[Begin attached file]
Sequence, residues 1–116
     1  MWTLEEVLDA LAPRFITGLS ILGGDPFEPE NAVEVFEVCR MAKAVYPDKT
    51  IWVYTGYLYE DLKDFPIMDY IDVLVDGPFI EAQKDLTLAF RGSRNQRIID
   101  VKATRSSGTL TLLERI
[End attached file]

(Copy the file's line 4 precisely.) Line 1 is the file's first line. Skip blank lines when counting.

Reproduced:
   101  VKATRSSGTL TLLERI